I received an interesting question on infertility in canines today… which made me realized that I did not have a blog specifically on this. How come ? As a repro specialist, I had to do something. So here it is !
Last week, I was back on the road of the province of Quebec.
I stopped in Québec City, Montréal, Drummondville, Ste Hyacinthe & Victoriaville.
There are so many things I like in this canadian province.
I was writing an article recently on reproduction in the male cat.
And it reminded me of a #QuickFact that you guys cat breeders would be interested in.
We already touched on how difficult semen collection and evaluation is in the feline species.
There is however a quick and simple way to evaluate if a cat produces sperm.
The answer is in its bladder.
No, I’m not kidding !
In male cats in fact, nearly 50% of the volume of the ejaculate will end up in the bladder during ejaculation.
We call this retrograde ejaculation.
And you now understand that in male cats, it is quite common.
If you check the male cat’s urine after breeding, that will help answer the question if this male produces sperm or not.
It is not as good as a full spermogram, for sure.
But it is still a valuable clinical information.
That’s the #QuickFact I wanted to share with you today on cat reproduction.
Every day, around forty nutrients should be provided in the dogs’ food. There should be enough of each nutrient [more than a minimum threshold] for the body to work at its best. However, is it beneficial to the health to have too much of any one nutrient? This is far from being certain, particularly considering that ALL nutrients are potentially toxic over a certain maximum limit which is specific to each one.
It is therefore unnecessary and even dangerous to add mineral and/or vitamin supplements if growing dogs are fed with a balanced commercial food.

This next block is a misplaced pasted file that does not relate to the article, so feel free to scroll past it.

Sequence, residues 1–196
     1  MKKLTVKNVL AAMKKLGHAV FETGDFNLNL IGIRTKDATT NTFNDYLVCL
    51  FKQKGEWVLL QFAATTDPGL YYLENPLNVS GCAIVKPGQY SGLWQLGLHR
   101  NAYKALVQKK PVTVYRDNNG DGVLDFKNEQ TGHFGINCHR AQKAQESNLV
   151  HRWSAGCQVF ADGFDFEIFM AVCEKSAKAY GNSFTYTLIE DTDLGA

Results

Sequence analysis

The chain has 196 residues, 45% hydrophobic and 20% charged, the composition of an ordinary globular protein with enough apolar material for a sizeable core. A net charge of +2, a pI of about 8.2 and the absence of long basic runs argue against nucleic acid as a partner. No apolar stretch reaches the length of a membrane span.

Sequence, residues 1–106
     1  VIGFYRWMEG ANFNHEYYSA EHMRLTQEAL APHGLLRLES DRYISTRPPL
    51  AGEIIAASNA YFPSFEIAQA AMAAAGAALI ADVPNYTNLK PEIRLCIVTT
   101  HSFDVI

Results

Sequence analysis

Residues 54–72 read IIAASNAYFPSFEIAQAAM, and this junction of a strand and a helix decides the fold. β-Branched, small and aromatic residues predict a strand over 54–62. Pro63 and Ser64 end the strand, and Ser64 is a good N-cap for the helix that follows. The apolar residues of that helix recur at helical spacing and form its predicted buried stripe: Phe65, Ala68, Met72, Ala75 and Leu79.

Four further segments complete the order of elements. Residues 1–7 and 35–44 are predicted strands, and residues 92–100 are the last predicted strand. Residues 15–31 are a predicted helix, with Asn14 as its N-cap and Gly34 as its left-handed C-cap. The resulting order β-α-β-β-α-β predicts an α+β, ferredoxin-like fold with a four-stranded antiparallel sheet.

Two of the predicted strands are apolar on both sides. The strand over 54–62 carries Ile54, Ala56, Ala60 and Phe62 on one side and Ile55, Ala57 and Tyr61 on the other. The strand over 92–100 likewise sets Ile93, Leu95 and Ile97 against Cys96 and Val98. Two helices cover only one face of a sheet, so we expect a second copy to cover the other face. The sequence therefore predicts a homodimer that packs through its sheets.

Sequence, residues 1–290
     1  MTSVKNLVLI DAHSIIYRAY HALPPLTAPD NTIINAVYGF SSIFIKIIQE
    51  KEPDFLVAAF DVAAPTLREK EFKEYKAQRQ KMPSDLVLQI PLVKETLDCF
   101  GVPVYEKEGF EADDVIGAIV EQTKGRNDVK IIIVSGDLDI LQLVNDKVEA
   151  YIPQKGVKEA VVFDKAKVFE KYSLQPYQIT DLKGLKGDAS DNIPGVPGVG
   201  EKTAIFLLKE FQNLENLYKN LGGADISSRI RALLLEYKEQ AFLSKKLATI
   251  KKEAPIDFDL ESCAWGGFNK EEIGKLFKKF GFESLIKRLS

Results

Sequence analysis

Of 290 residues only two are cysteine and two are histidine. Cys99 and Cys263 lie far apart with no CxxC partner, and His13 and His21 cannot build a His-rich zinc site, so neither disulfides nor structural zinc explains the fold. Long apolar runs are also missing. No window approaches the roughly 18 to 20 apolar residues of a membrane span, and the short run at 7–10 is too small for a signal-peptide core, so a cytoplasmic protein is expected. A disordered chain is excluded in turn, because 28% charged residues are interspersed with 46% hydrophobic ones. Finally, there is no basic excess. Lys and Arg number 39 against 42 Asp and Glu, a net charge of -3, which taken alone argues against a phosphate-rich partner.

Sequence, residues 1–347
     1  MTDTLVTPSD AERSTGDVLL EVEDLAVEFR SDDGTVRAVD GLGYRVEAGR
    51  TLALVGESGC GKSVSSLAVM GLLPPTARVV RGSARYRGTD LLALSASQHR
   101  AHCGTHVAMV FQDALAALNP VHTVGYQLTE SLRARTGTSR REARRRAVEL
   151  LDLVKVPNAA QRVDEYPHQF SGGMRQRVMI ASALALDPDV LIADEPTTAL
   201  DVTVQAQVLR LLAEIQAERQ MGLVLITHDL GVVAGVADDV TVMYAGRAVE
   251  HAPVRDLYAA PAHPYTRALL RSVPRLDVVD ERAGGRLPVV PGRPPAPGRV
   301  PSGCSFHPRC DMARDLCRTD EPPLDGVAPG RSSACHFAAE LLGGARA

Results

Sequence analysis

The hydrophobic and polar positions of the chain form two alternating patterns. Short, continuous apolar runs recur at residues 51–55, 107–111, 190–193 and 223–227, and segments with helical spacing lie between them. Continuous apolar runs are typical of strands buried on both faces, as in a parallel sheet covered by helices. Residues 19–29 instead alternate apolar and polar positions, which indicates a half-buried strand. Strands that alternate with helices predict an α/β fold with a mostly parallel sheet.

I very often get questions on birthing in queens.
Nothing abnormal here : no doubt it can be a stressful moment.
Indeed, hard to predict with certainty what is going to happen when multiple kittens are expected !
As cat breeders, what should you do ? What should you NOT do ?
This is why we decided to give this webinar on parturition in queens.
Cat breeders from 12 different countries attended.
One thing I can tell you for sure : we had a very good online discussion !
If you missed it, don’t you worry, you can still watch the replay, the video is right below !
And if you have stories / anecdotes / questions, post them in the comment section below !
I’m looking forward to reading them !
Remember this previous blog we did on kittens & transport (if you missed it, you can read it here) ?
It clearly highlighted how in kittens the consequences of stress could be problematic.
Let’s imagine a hypothetical situation:
We started discussing pseudo gestation in canines in our previous blog (read Part I here). We discussed what causes it and why, in canines, it is not really something abnormal. Now time for Part II : let’s discuss prevention and treatment !